This Day in Oil & Gas: Birth of “Phillips 66” Gasoline

Blog Post created by katie.mehnert Champion on Nov 19, 2015

November 19, 1927 – Birth of “Phillips 66” Gasoline

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Originally promoted as a dependable “winter gasoline,” by 1930, Phillips 66 gasoline is sold in 12 states.

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The Phillips Petroleum Company Museum in Bartlesville opened in 2007.

After a decade as an exploration and production company, in 1927 Phillips Petroleum Company enters the highly competitive business of refining and retail gasoline distribution.

The Bartlesville, Oklahoma, company introduces a new line of gasoline – “Phillips 66” – at its first service station, which opens in Wichita, Kansas.

The gasoline is named “Phillips 66” after it propels company officials down U.S. Highway 66 at 66 mph in route to a meeting at their Bartlesville, Oklahoma, headquarters.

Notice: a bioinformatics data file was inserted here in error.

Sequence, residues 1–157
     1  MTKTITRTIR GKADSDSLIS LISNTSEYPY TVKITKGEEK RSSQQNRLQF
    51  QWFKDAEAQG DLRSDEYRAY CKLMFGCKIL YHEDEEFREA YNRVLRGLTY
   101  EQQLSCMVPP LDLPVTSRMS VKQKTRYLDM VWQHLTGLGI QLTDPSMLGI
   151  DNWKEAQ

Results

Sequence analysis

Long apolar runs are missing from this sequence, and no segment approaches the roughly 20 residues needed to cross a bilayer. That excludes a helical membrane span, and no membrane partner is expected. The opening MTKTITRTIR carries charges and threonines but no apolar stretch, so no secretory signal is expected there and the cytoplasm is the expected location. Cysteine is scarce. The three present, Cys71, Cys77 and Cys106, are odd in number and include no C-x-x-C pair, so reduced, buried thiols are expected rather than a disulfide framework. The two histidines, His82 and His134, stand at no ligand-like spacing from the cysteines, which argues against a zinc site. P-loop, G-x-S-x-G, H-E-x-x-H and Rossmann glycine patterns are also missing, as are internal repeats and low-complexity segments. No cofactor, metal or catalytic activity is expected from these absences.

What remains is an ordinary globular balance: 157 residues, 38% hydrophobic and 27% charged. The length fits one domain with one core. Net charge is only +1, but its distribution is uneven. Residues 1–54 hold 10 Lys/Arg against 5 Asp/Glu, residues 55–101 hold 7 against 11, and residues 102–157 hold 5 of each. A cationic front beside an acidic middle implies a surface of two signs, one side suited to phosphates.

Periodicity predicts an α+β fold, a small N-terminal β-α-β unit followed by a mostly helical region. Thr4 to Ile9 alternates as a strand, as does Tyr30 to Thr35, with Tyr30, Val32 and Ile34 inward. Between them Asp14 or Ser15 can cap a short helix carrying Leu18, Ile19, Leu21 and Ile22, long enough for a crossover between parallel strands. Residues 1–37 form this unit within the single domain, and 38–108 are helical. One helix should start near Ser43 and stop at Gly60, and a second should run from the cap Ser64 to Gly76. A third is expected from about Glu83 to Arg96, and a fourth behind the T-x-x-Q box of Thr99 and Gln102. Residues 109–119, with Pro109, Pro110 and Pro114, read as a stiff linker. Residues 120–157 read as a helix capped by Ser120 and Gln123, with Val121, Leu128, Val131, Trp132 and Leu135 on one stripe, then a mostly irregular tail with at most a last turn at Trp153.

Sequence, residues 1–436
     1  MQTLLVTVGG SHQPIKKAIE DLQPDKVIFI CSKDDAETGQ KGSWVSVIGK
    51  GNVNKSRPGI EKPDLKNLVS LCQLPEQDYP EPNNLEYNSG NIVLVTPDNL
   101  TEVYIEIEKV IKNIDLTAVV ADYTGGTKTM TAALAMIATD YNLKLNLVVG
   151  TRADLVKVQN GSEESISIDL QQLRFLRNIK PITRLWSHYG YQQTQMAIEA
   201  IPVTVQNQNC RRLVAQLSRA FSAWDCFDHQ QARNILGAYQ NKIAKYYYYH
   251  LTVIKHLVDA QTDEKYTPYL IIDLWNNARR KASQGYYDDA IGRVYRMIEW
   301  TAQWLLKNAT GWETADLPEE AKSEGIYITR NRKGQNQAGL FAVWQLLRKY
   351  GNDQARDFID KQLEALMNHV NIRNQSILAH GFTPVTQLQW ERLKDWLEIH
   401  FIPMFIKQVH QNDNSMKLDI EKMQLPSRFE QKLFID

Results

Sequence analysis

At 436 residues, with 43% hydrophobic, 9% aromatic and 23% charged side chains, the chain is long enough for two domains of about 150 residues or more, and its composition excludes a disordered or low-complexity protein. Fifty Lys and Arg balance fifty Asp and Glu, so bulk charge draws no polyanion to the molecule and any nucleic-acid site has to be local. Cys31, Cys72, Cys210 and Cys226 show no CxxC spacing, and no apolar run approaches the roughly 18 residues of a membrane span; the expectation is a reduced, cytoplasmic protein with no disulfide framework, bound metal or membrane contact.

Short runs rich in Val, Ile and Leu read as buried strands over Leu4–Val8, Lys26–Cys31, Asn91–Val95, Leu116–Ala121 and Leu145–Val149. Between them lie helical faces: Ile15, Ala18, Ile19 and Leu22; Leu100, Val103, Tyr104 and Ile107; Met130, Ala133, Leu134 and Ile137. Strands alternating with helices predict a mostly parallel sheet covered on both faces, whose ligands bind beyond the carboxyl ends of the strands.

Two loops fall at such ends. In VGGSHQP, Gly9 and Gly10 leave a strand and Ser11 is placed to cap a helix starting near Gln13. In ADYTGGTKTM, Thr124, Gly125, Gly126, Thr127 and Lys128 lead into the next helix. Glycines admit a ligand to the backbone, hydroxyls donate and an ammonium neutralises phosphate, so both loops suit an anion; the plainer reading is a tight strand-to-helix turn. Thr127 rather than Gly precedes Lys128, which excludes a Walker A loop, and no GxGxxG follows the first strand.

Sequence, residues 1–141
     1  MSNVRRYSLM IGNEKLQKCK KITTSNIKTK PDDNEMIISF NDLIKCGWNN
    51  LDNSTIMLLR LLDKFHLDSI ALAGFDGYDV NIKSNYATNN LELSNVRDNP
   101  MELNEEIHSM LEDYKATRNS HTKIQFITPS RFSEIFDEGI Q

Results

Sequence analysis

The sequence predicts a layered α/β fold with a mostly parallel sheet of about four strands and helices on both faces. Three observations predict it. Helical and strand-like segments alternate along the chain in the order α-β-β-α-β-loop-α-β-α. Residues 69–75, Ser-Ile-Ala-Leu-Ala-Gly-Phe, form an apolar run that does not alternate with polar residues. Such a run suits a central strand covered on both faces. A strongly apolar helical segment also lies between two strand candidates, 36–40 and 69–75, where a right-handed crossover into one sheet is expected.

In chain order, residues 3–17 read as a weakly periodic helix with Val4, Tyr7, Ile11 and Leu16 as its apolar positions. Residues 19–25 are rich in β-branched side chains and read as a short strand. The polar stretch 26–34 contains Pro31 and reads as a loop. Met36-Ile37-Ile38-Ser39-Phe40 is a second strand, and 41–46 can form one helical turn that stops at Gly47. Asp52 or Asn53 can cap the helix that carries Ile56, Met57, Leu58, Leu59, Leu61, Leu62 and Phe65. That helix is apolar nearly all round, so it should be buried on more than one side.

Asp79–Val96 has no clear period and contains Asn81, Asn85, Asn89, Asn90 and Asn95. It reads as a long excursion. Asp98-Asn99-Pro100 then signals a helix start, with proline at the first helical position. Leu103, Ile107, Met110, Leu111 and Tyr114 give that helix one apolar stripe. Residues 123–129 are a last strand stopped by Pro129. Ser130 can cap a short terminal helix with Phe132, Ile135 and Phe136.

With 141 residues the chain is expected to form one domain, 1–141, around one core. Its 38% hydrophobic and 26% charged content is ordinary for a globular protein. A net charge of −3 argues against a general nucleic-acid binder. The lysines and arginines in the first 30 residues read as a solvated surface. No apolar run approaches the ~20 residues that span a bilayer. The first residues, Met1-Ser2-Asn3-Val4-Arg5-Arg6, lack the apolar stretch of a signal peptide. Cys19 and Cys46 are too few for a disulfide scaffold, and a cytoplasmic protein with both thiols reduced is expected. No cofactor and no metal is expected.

Route 66 becomes the backbone of Phillips marketing plans for the new product – which boasts “controlled volatility,” the result of a higher-gravity mix of naphtha and natural gasoline.

Because the composition makes Phillips 66 gas easier to start in cold weather, advertisements entice motorists to try the “New Winter Gasoline.”

Acquisition of service stations adds 50 new retail outlets each month to the company. By 1930, Phillips 66 gasoline is sold at 6,750 outlets in 12 states. Read more in ConocoPhillips Petroleum Museums.

From: American Oil and Gas Historical Society